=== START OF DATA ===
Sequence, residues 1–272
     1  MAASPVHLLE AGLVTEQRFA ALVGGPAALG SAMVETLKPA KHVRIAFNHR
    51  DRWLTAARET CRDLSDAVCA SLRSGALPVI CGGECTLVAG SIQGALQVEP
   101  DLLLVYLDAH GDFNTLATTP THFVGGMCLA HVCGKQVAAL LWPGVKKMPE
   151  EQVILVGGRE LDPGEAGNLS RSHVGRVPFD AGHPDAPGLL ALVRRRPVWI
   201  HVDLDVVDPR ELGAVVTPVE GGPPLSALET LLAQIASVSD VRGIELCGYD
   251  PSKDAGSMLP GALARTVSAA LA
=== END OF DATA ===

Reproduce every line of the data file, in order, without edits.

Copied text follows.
Sequence, residues 1–272
     1  MAASPVHLLE AGLVTEQRFA ALVGGPAALG SAMVETLKPA KHVRIAFNHR
    51  DRWLTAARET CRDLSDAVCA SLRSGALPVI CGGECTLVAG SIQGALQVEP
   101  DLLLVYLDAH GDFNTLATTP THFVGGMCLA HVCGKQVAAL LWPGVKKMPE
   151  EQVILVGGRE LDPGEAGNLS RSHVGRVPFD AGHPDAPGLL ALVRRRPVWI
   201  HVDLDVVDPR ELGAVVTPVE GGPPLSALET LLAQIASVSD VRGIELCGYD
   251  PSKDAGSMLP GALARTVSAA LA